Can We Believe Amtrak?
The Amtrak brain trust seems to be so spectacularly wrong so much of the time, we find ourselves asking again and again, “What the hell are they thinking?”
Yesterday I began working out travel arrangements to attend RPA’s annual Fall meetings in Miami this October. The final leg of my rail itinerary will include one of the two Florida trains, either the Silver Meteor (photo below) or the Silver Star, from Alexandria, Virginia, down to Miami.
Both trains originate in New York City and terminate in Miami. The Meteor has a full-service dining car with the cost of meals included in the fares paid by sleeping car passengers. There is no dining car on the Silver Star Star and all passengers, from both coach and sleepers, purchase their meals from a Cafe/Lounge car where the menu is much more limited.
I really enjoy the full-on dining car experience, so I would normally choose the Meteor, but—whoa!—on my travel day, the Washington-to-Miami fare for a roomette on the Silver Star is $322, but the fare for an identical roomette on the Meteor is a whopping $737.
Holy Signature Steak, Batman! I will have had dinner before boarding, so that’s an additional $415 for one breakfast and one lunch in the Meteor’s dining car! I finally decided that the cost difference just couldn’t be justified and I reluctantly booked the Silver Star.
Meantime, I couldn’t get over the huge cost differential and, once again, I found myself asking, “What the hell are they thinking?”. Suddenly a thought struck me: Is it possible that Amtrak could be tampering with ridership numbers by inducing people to choose the Silver Star by overpricing the Meteor?
If, in the not so distant future, the Silver Meteor loses its dining car, I will bet that Amtrak’s justification will be that there was a diner on the Meteor, but the ridership was very disappointing and they have concluded that passengers preferred the contemporary dining option and lower fares offered by the Silver Star.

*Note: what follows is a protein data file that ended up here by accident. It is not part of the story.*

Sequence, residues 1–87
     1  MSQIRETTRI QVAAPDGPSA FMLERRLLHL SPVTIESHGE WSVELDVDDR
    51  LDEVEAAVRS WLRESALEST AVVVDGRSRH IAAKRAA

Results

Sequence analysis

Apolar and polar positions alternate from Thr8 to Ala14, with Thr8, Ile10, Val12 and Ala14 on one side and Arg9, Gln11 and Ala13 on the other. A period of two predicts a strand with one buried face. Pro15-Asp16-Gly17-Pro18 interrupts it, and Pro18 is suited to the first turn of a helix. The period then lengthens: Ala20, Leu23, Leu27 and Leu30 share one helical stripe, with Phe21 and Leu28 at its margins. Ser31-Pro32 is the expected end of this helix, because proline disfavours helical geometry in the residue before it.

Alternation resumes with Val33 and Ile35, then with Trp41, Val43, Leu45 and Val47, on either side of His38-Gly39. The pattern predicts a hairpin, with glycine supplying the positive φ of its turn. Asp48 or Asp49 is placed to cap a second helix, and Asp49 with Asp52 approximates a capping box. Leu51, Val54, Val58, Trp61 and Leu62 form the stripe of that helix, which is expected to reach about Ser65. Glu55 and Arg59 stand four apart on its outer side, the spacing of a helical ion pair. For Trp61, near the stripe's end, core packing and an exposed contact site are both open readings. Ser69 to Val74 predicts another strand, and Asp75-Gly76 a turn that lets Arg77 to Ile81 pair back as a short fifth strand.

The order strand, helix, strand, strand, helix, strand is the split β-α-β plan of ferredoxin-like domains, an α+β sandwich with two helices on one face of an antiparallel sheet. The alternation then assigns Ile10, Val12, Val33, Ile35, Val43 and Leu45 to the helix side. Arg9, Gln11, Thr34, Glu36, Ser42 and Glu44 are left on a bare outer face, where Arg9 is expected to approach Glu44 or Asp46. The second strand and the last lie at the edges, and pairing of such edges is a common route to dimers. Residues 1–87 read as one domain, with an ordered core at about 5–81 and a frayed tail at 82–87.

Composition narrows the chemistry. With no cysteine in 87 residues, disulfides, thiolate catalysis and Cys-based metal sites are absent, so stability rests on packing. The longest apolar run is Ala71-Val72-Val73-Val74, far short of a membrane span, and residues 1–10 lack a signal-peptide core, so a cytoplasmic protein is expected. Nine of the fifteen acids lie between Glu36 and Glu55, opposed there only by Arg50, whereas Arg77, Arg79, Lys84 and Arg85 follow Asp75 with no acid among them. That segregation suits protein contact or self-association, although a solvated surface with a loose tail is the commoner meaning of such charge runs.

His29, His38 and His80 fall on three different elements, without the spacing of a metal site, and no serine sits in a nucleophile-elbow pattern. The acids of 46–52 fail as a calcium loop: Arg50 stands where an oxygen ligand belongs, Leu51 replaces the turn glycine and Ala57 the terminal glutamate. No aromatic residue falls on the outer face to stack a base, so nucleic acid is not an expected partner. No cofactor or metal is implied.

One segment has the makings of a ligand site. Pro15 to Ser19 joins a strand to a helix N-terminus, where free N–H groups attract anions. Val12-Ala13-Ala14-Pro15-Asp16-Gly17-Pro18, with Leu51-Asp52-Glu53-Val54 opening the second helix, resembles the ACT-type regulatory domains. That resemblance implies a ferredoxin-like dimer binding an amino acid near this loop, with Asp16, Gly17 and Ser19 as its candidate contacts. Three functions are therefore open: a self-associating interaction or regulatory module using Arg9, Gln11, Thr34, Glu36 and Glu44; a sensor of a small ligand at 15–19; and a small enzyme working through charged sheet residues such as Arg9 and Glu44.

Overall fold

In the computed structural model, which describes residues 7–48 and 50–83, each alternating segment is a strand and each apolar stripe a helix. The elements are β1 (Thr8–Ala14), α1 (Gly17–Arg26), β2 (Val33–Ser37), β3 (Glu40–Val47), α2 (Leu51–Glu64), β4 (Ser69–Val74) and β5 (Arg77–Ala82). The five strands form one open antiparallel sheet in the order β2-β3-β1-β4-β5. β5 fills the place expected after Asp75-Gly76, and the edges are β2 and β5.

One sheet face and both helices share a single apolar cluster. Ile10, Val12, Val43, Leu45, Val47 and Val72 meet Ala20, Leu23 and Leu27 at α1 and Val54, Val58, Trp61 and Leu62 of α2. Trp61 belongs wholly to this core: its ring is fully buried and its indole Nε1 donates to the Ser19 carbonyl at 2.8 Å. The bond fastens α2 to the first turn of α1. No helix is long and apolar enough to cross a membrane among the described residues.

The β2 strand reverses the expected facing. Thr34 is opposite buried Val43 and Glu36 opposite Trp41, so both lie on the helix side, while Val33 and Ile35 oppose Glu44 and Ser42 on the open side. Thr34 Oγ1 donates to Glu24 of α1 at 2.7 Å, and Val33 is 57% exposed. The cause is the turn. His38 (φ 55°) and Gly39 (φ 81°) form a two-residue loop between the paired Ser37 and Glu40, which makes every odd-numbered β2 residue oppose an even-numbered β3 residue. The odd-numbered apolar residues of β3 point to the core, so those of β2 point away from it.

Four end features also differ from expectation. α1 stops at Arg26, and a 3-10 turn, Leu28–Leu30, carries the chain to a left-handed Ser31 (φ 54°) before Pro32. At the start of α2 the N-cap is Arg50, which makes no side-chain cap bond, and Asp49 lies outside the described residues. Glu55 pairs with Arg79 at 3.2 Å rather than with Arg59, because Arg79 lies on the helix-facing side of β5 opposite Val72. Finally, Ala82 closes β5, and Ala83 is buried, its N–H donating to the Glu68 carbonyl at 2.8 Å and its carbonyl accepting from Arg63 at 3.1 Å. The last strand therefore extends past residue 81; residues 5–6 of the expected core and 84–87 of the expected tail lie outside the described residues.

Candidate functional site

The fact is—and this is the result of several recent incidents—we can no longer believe everything Amtrak tells us. And that’s a damn shame.
Here’s my take on this issue, as published this week in Railway Age.
There can be no question that the top management of Amtrak neither understands nor values its interregional business sector, and is intent upon driving it into oblivion.
In May, I rode the Empire Builder from Fargo to Seattle and return. The dining car food and service was top notch. I’m a regular Amtrak passenger, enjoying the sleeper car and dining car service. It’s very disappointing that Richard Anderson has a mission to rip away the long distance passenger train service. He’s not a “good fit” for us.
Please write or call your two senators and your congressman and express your views. I do believe that’s how we can saving Amtrak’s long-distance network.
I’ve read that diner service on the Texas Eagle is on the chopping block as of September. I was preparing to book a trip at the end of September when I read this. So much for that booking…
I had not heard that. Hard to know what to believe these days,
Most people do not know the why the prices are or set up that way.
I certainly don’t … and I hope my suspicions are not true.